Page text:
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To be young, gifted and black by Lorraine Hansberry

See also: To Be Young, Gifted and Black by Lorraine Hansberry

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“There is always something left to love. And if you ain’t learned that, you ain’t learned nothing.”

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“Son — I come from five generations of people who was slaves and sharecroppers – but ain’t nobody in my family never let nobody pay ‘em no money that was a way of telling us we wasn’t fit to walk the earth. We ain’t never been that poor. We ain’t never been that — dead inside.”

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“Yes — I taught you that. Me and your daddy. But I thought I taught you something else too … I thought I taught you to love him.”

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“See there, that just goes to show you what women understand about the world. Baby, don’t nothing happen for you in this world ‘less you pay somebody off!”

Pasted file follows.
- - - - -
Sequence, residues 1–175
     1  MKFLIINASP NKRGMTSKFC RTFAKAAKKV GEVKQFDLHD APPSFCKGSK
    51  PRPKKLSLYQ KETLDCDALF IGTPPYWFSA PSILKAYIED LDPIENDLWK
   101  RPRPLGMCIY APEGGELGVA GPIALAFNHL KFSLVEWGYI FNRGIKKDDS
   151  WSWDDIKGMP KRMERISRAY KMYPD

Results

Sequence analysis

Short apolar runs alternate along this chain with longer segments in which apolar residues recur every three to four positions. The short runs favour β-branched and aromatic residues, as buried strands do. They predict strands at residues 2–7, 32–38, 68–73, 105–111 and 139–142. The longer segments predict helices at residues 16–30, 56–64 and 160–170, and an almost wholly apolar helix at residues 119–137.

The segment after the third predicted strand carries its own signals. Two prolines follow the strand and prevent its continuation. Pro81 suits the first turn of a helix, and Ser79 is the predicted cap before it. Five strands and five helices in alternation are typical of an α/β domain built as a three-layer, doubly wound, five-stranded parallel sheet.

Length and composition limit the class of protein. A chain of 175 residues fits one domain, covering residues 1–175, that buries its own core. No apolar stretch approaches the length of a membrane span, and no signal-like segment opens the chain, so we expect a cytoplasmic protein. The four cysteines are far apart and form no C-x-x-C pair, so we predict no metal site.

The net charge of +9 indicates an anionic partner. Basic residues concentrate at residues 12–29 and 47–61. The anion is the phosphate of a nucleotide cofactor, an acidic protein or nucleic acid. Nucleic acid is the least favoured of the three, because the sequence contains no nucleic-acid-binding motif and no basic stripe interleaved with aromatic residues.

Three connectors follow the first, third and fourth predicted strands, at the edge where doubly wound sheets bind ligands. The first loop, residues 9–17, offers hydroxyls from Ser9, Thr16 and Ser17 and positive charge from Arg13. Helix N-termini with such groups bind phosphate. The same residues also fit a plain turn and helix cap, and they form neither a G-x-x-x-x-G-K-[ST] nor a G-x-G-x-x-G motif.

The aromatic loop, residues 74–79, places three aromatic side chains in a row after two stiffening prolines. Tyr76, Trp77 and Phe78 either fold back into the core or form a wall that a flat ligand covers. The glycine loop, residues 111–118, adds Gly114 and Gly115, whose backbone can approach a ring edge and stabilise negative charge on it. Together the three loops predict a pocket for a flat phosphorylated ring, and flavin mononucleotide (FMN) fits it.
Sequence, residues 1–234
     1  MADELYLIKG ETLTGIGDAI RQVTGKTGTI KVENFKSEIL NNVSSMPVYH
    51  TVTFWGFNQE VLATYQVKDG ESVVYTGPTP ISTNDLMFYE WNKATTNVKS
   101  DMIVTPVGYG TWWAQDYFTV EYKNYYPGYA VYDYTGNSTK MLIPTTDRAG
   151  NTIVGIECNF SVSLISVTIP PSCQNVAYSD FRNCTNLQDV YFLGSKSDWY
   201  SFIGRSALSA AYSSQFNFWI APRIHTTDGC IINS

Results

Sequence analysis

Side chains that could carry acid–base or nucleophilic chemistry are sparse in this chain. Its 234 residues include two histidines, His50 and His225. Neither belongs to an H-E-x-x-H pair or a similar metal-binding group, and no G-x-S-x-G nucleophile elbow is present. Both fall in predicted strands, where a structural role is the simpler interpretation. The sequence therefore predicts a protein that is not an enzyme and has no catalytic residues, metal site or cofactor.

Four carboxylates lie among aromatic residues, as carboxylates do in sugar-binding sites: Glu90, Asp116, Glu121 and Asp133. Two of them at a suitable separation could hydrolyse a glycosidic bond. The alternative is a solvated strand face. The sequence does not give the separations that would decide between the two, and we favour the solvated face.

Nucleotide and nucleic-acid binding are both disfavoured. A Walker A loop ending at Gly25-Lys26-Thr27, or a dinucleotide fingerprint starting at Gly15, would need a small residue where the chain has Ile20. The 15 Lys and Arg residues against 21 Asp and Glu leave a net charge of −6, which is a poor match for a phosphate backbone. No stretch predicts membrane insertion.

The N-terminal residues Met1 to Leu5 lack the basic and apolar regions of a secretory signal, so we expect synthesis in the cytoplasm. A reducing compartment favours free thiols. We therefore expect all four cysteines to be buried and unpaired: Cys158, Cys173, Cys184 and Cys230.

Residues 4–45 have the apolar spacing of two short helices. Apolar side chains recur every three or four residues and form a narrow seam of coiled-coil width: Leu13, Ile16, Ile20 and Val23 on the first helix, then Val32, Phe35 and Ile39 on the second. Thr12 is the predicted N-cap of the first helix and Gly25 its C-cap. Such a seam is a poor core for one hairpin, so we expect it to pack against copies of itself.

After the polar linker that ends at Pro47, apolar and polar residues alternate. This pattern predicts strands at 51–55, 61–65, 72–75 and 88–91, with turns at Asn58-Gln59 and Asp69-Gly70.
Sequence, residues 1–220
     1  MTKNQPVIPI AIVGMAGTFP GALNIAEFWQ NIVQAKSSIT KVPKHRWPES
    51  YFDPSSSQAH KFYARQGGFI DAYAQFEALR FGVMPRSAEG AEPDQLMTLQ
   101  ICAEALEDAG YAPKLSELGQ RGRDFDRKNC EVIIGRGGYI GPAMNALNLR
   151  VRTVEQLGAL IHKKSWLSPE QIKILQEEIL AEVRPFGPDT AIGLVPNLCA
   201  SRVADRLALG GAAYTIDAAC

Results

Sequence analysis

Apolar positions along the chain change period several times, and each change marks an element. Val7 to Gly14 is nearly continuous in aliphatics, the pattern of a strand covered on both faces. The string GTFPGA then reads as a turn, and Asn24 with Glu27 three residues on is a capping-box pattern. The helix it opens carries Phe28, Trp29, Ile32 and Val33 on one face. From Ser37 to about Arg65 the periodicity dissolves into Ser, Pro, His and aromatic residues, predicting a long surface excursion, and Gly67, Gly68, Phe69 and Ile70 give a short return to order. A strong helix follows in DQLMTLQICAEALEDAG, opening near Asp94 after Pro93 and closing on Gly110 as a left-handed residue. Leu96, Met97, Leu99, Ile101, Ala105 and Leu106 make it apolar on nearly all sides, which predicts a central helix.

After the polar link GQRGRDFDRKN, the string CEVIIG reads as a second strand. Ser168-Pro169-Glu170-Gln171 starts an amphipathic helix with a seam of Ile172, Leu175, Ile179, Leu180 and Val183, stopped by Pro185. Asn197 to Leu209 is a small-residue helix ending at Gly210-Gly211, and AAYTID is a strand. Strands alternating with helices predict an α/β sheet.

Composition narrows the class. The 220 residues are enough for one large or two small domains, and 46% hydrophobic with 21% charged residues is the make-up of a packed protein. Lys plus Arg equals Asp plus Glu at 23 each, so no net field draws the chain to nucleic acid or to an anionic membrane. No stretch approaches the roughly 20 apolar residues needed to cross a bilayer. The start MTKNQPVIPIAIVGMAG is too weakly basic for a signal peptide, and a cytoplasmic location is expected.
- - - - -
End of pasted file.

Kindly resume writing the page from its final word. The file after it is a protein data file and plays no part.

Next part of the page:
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“I guess that’s how come that man finally worked hisself to death like he done. Like he was fighting his own war with this here world that took his baby from him.”

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“Sometimes it’s like I can see the future stretched out in front of me – just plain as day. The future, Mama. Hanging over there at the edge of my days. Just waiting for me — a big, looming blank space – full of nothing. Just waiting for me. But it don’t have to be.”

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Lorraine Hansberry

You might also enjoy: Quotes by Lorraine Hansberry

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“And where does it end? … An end to misery! To stupidity! Don’t you see there isn’t any real progress, Asagai, there is only one large circle that we march in, around and around, each of us with our own little picture in front of us — our own little mirage that we think is the future.”

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“Asagai, while I was sleeping in that bed in there, people went out and took the future right out of my hands! And nobody asked me, nobody consulted me – they just went out and changed my life!”

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“You making something inside me cry, son. Some awful pain inside me.”

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“Well — we are dead now. All the talk about dreams and sunlight that goes on in this house. It’s all dead now.”